When I say that laws banning abortion violate the class legislation and caste legislation principle, that means that I think this is the best implementation of those principles in today’s world. In my article Abortion and Original Meaning I give fairly elaborate reasons for why that is so. My arguments don’t always track existing doctrine, but in implementing these principles in concrete settings I am trying to do what existing doctrine does. The key point, once again, is that doctrine isn’t the same thing as constitutional meaning. It implements meaning.

Thus, David’s claim that originalism by itself doesn’t resolve lots of controversies is not really much of an objection from my perspective. In fact, if David and I both wrote accounts of various constitutional questions involving the Constitution’s vague and abstract clauses, we would probably rely on similar materials, and the results might often look quite similar. The major difference perhaps, is that I would start by talking a bit about text and underlying principles before launching into the other modalities and explaining how they helped implement text and principle.

In fact, I think that starting with text and principle can be very enlightening in some cases. One recent example is Romer v. Evans. If you start with our standard doctrinal models, you have to twist yourself in knots to explain the result in Romer. But if you start with the assumption that these doctrines are designed to implement the Fourteenth Amendment’s ban on class and caste legislation, Romer makes much more sense. In fact, I would argue that the law at issue in Romer is a paradigmatic example (in our day, at least) of what the Reconstruction Republicans were getting at when they spoke of class legislation. Romer is a case that shows the limits of our current models of doctrine. But doctrine isn’t written in the sky. It’s a heuristic device for implementing and applying constitutional values. Doctrinal structures that implement the Fourteenth Amendment have been different before, and they will be different again.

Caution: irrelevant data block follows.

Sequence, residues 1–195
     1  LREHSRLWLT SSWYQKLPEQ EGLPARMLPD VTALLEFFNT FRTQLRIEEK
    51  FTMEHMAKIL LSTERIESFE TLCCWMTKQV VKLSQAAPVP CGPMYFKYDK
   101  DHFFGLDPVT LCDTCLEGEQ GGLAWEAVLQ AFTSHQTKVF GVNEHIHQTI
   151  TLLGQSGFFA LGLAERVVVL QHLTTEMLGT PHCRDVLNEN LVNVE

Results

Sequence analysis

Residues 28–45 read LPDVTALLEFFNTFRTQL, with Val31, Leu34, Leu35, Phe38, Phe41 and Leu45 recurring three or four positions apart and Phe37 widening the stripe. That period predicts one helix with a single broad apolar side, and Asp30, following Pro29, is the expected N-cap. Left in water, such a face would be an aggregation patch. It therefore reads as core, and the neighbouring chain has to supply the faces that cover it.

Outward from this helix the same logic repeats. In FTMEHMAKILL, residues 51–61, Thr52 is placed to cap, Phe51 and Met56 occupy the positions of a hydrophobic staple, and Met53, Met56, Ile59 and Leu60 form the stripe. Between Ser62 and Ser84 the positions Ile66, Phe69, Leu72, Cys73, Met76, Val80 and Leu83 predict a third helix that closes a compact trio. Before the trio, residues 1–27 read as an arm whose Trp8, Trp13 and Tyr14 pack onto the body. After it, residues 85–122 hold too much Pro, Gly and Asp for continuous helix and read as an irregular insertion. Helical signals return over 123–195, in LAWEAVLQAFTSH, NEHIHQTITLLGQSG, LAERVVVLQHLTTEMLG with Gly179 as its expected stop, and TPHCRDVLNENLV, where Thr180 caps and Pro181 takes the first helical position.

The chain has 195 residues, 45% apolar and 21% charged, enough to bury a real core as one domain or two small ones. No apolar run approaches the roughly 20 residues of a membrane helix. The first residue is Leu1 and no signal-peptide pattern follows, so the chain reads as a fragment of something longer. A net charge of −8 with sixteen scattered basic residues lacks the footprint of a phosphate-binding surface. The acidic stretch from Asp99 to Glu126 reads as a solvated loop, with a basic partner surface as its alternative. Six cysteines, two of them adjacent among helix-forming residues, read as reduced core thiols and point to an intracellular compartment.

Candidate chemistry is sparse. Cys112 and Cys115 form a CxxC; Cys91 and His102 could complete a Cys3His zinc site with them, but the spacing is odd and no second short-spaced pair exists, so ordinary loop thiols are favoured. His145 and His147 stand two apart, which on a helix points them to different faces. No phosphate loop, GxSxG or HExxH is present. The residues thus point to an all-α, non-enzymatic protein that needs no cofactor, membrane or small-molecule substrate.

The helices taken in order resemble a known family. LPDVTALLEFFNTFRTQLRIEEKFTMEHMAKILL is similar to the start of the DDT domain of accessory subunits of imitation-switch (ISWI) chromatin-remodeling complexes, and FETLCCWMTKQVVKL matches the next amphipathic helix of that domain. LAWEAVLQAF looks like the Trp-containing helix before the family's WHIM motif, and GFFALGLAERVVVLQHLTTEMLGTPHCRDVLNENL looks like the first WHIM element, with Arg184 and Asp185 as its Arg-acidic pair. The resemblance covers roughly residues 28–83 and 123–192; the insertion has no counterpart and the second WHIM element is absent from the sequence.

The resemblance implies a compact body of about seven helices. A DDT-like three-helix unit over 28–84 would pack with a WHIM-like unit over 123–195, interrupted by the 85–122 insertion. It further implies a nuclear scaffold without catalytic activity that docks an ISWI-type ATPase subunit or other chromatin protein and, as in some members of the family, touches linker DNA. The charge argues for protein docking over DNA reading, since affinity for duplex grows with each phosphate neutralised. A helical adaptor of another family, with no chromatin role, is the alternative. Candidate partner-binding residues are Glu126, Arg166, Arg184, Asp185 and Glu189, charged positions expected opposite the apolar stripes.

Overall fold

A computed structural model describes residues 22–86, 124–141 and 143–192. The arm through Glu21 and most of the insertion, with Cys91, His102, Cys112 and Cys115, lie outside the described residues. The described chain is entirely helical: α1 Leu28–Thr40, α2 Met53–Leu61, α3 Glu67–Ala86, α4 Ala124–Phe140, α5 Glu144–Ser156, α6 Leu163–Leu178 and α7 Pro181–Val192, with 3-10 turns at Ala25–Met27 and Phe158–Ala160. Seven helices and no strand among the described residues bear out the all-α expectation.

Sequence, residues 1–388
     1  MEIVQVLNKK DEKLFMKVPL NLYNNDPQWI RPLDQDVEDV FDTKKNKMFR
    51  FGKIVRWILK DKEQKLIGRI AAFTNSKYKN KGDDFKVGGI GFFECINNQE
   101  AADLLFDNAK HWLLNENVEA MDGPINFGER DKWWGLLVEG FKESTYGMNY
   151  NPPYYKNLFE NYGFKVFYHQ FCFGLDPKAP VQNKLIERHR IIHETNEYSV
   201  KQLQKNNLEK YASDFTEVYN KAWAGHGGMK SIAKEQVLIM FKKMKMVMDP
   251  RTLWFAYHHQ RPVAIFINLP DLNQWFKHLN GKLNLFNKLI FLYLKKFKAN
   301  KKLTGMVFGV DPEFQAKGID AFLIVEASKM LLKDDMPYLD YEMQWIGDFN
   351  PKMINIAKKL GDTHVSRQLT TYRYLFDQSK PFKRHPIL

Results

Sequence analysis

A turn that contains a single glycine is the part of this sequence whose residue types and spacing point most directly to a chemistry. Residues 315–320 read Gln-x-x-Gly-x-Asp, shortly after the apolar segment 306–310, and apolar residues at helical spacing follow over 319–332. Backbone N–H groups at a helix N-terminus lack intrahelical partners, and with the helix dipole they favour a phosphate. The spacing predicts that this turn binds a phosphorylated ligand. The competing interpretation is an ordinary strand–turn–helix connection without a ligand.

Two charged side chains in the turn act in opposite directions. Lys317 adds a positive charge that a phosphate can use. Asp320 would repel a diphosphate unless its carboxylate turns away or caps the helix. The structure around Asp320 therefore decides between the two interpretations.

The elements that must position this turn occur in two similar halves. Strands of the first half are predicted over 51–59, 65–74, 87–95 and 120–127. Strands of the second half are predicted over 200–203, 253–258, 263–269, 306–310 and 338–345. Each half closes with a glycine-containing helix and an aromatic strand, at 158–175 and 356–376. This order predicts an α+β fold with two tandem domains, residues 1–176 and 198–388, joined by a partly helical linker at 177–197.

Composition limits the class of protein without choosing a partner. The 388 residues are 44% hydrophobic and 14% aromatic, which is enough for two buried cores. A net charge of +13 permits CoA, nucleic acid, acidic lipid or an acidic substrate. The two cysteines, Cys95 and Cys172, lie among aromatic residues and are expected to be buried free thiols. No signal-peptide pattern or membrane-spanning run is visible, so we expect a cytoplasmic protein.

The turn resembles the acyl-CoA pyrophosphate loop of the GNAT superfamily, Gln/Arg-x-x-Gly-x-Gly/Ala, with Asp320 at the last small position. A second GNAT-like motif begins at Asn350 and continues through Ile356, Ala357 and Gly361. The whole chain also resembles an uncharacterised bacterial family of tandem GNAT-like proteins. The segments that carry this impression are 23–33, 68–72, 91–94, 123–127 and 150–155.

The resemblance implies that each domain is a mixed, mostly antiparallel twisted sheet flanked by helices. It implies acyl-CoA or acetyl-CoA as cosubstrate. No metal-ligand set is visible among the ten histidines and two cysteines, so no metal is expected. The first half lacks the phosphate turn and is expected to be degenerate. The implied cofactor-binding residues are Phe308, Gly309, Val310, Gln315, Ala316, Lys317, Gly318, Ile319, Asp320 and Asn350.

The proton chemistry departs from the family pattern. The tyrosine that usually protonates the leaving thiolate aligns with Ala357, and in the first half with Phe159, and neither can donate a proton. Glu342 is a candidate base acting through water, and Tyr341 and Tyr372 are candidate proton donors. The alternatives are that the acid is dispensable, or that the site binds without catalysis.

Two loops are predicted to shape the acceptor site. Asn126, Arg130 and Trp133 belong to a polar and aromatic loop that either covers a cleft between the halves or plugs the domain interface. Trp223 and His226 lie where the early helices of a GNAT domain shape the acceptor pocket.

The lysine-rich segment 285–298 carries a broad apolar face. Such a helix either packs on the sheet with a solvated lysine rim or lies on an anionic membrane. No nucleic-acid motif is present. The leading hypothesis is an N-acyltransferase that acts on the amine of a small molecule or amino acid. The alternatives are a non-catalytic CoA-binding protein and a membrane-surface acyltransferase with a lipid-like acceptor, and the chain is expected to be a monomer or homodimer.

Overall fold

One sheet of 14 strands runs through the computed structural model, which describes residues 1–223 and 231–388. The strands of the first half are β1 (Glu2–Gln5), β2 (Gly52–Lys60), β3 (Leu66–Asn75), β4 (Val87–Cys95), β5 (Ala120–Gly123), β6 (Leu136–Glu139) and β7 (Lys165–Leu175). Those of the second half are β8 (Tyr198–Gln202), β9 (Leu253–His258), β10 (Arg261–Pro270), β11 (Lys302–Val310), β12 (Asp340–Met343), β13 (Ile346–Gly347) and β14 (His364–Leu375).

So far, it does not look as if David and I disagree very much. What is the nature of our disagreement, then? I think it is this: David sees text and principles as not particularly helpful or important to constitutional law; for him all of the work (or most, anyway) is done through the common law process of reasoned argument and doctrinal elaboration. By contrast, I regard the purpose of common law elaboration as in the service of fleshing out and implementing text and principles. Why does this difference matter? I can think of three reasons.